This is a guest post from Anupam Varshney
It is no surprise that the crypto industry has garnered tremendous attention in Asia, especially in countries like Singapore, Japan, and South Korea. Many of the world’s largest exchanges are based in Asia, and the growing individual wealth in Asia, mainly in China and South Korea, has been a driving force for the crypto market. Alternative investment opportunities have managed to attract many individual investors through higher returns than those available on the traditional market.
The blockchain market is growing rapidly worldwide, and it is predicted that global market size will reach $39.7 billion by 2025, with a CAGR of 67.3% between 2020 and 2025. Almost 20% of cryptocurrency’s market volume comes from countries in Asia, including both big institutional investors as well as average citizens. It is clear that Asian nations are betting big on crypto.
The reception of blockchain technology and the broader crypto market in Singapore has been striking. The country has welcomed the emerging technology with open arms and continues to build new policies that allow further innovation.
The Singaporean government has also reinforced its outlook by showing a willingness to experiment to find inventive solutions. For example, The Monetary Authority of Singapore (MAS) has been exploring the use of blockchain technology to clear and settle payments and securities for the past few years.
Through a collective effort with other government agencies in Singapore, the country has also developed OpenCerts, a platform that uses Ethereum smart contracts for issuing and validating digital certificates for graduates of local universities.
As far as regulatory efforts are concerned, the country has adopted a proactive approach to the crypto market by rolling out the Payment Services Act 2019 (PRS Act) which aims to regulate the intermediaries dealing with various cryptocurrencies, including a special focus on anti-money laundering and consumer protection. The Singaporean government and the global crypto industry have managed to find a middle ground to make the most of blockchain technology.
Apart from a few regions, the middle east has been quite progressive with regard to cryptocurrencies and blockchain technology and receives a warm welcome in the UAE. However, there are some mixed sentiments on the regulatory front.
Last year, the Securities and Commodities Authority (SCA) in UAE drafted a resolution on the regulation of cryptocurrencies, clarifying certain issues related to crypto projects in the middle-east.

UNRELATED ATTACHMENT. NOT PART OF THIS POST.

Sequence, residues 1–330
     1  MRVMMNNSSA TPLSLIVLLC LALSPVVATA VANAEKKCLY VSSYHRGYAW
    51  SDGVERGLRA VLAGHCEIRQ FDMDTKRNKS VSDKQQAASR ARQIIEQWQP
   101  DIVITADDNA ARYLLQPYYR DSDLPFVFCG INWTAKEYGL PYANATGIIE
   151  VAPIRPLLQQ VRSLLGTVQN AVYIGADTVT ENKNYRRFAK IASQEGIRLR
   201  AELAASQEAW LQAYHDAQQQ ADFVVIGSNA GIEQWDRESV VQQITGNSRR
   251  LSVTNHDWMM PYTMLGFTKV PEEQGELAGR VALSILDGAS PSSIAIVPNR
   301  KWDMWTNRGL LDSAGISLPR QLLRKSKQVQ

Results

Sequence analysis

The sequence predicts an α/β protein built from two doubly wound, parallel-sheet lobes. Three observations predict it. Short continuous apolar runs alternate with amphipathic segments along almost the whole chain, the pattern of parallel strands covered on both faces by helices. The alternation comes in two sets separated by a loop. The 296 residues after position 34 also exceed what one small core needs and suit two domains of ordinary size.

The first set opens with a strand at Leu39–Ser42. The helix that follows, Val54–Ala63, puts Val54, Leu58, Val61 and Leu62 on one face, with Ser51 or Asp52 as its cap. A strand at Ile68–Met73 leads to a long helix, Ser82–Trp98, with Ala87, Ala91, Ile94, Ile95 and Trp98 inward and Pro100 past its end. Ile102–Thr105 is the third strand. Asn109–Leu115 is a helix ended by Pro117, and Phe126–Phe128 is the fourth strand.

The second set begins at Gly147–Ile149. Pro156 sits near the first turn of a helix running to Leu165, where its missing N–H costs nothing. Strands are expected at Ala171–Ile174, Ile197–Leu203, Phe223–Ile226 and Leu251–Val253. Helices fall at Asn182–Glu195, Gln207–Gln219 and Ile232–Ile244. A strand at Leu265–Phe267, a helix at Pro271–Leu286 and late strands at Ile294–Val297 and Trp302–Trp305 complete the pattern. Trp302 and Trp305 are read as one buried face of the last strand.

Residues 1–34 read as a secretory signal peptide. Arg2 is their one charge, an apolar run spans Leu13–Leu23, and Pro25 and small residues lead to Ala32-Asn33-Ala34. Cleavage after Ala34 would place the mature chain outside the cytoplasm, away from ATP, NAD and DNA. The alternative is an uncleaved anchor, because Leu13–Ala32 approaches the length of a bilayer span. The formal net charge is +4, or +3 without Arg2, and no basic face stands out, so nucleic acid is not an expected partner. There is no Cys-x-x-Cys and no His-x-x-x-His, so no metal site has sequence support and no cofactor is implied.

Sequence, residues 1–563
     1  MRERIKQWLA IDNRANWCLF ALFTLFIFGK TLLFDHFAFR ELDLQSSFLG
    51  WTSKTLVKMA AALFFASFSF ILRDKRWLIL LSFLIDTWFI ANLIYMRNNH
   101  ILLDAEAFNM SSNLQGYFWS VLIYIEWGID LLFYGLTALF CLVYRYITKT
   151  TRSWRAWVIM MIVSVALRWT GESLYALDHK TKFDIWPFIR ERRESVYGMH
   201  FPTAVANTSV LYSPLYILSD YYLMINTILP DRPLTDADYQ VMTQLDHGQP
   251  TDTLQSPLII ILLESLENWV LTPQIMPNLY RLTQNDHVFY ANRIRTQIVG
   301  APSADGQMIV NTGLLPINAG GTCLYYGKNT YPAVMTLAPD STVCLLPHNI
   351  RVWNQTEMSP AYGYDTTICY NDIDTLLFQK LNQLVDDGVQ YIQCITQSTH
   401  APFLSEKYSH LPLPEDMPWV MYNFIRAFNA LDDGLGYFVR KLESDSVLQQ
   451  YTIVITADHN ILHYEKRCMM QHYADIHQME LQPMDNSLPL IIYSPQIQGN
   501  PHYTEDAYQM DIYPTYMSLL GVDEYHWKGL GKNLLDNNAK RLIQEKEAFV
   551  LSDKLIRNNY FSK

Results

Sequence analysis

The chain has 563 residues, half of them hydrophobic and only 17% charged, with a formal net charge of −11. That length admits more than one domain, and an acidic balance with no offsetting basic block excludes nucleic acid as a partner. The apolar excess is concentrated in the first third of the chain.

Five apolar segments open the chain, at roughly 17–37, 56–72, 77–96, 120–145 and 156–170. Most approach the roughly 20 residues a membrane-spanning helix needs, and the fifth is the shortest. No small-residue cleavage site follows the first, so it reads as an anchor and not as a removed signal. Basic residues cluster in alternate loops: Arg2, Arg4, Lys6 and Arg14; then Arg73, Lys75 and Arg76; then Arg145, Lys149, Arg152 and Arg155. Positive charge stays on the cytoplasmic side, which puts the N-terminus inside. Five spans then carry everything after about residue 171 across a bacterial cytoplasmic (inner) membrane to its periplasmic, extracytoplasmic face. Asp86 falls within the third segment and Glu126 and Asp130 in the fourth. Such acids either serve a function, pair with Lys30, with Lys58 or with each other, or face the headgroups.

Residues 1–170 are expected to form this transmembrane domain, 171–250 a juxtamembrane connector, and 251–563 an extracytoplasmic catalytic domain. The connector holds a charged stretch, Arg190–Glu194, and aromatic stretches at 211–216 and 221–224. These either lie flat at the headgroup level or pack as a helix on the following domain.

The Dubai Chamber of Commerce also announced a partnership with Emirates NBD last year, one of the biggest state-owned banks in the UAE. The deal aims to assist the Dubai 10X initiative, which is working towards the digitization of trade processes. The project is called the “Digital Silk Road”, developed in partnership with Dubai Customs and the cargo handling service, DP World-UAE.
The UAE government understands the potential of blockchain technology and aims to use it for digital transactions by providing each customer with a unique identification number that redirects to their information on a secure chain. The UAE government is also pushing forward in an effort to build its own cryptocurrency. In October 2018, Dubai announced emCash, an encrypted digital currency that could be used as a mode of payment for government services and school fees.
- Hong Kong
Hong Kong has created its own Blockchain Ecosystem which acts as a bridge between blockchain startups and leading financial institutions in the region. However, cases of misappropriated assets and market manipulation have resulted in technical problems for many exchanges, forcing regulators from the Securities and Futures Commission to step in and curb the potential for fraud. By implementing regulatory actions, Hong Kong is striving to gain a reputation as a notable international blockchain hub.
The Hong Kong Science and Technology Parks (HKSTP) and Cyberport are the key contributors to the thriving cryptocurrency industry in Hong Kong. They provide support and assistance to various crypto and blockchain startups, helping the community grow and reach new heights. For example, in October 2018, HKSTP announced several new initiatives, better programs, and support services to strengthen and boost the growth of technology startups.